Wednesday, January 30, 2013

January Theme: Promoting Your Middle-Grade Book by Christine Brodien-Jones


1992: my first novel THE DREAMKEEPERS is published by Macmillan.  I send out press releases, give newspaper and radio interviews, and appear at schools, libraries and bookstores.  My editor clips out reviews from magazines and sends them to me in the mail.

2010: my second novel THE OWL KEEPER is published by Random House.  Suddenly there are seemingly endless opportunities to promote my book, especially online, and the choices are overwhelming.  I try lots of different marketing ideas. Here's a sampling of some (but not all) of my promotional efforts for THE OWL KEEPER:

*  create a website and blog
*  work with my publicist at Random House
*  make up business cards, postcards and bookmarks to give away
*  join Facebook and Twitter/set up a Facebook page for my book
*  have a book trailer made
*  join a group of online bloggers
*  connect with promotion sites; write a guest post for Cynthia Leitich Smith's site Cynsations 
*  visit classrooms via Skype an Author Network
*  appear at SCBWI conferences, bookstore signings, libraries and children's book festivals
*  hire publicists to promote my book to teachers, booksellers, book clubs and librarians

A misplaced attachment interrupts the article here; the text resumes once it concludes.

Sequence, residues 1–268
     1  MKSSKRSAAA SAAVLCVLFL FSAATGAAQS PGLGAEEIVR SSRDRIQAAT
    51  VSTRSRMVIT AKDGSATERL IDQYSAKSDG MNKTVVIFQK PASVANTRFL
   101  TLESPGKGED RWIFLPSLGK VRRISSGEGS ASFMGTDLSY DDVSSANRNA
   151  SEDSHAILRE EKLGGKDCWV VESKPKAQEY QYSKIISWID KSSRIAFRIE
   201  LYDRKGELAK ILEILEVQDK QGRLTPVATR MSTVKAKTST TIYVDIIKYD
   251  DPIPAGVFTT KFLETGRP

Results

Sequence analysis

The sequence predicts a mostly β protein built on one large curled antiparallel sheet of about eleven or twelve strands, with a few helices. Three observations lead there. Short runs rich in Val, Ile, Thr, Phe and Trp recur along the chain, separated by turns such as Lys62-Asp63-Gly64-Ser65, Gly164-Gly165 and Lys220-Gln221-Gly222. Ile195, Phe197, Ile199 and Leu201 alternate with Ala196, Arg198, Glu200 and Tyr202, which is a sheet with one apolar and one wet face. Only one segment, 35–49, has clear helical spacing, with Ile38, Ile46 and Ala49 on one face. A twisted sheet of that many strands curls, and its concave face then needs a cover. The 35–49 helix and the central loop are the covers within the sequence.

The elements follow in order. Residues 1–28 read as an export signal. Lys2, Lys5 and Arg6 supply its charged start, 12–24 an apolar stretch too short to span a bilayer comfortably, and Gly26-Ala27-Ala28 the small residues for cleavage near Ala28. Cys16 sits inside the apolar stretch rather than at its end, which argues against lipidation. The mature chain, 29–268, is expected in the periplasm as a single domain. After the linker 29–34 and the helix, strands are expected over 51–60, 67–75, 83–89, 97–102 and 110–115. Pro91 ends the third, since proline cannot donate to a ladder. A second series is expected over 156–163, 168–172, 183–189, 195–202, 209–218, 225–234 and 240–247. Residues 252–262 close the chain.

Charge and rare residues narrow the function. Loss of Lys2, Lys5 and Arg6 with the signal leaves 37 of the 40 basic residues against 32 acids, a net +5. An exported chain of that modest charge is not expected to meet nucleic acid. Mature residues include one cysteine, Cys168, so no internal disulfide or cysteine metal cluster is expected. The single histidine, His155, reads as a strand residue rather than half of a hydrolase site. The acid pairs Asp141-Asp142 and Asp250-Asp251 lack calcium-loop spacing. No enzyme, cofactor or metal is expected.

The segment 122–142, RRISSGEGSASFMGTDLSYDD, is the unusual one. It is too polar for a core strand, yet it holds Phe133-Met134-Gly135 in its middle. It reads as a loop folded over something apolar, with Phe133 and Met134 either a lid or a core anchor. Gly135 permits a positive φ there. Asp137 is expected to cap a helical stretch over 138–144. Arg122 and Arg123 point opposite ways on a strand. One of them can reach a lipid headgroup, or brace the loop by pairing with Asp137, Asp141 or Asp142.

*  give away books on Goodreads and other sites; give away my book to local libraries

2012: my third book, THE SCORPIONS OF ZAHIR, is published by Random House.  More opportunities, more dizzying online options.  But this time I'm up against a deadline for my next book, so I winnow down the promo options to just a few - the ones that are easiest for me.  Because it just isn't possible to do it all.  Nor is doing everything necessarily productive!  

To quote blogger/author Nathan Bransford: "Don't make yourself miserable doing what you think you should be doing, do what you enjoy doing."  Bransford recommends that every author have some sort of Googlable web presence (such as a website, blog or Facebook page) and that way when someone hears about you or reads your book they can contact you.  Utilize your time well, he says, because "at the end of the day the whims of fate and word of mouth are more powerful than any marketer." 

A word about resources.  SCBWI conferences are a great place to take a workshop on publicity and online book marketing.  You can also get insightful marketing tips from bloggers: try Nathan Bransford, Cynthia Leitich Smith and SR Johannes.  As for books, my favorite is Jeff Vandermeer's BOOKLIFE: STRATEGIES AND SURVIVAL TIPS FOR THE 21ST-CENTURY WRITER.  


My advice on promoting your book is do what you're passionate about, do what you think is you, but keep in mind that every moment you spend on marketing efforts takes you away from your writing.  Find your balance!  





2 comments:

  1. Thanks Christine for the tips. I always wonder what's the best way to approach marketing, especially for middle grade books.

    ReplyDelete
    Replies
    1. You're welcome, Natalie!
      It's definitely trickier with middle grade books. Although both OWL KEEPER and SCORPIONS were written for middle grade, OWL KEEPER was easier to promote online because it also appealed to teens (who as we know spend much more time online!).

      Delete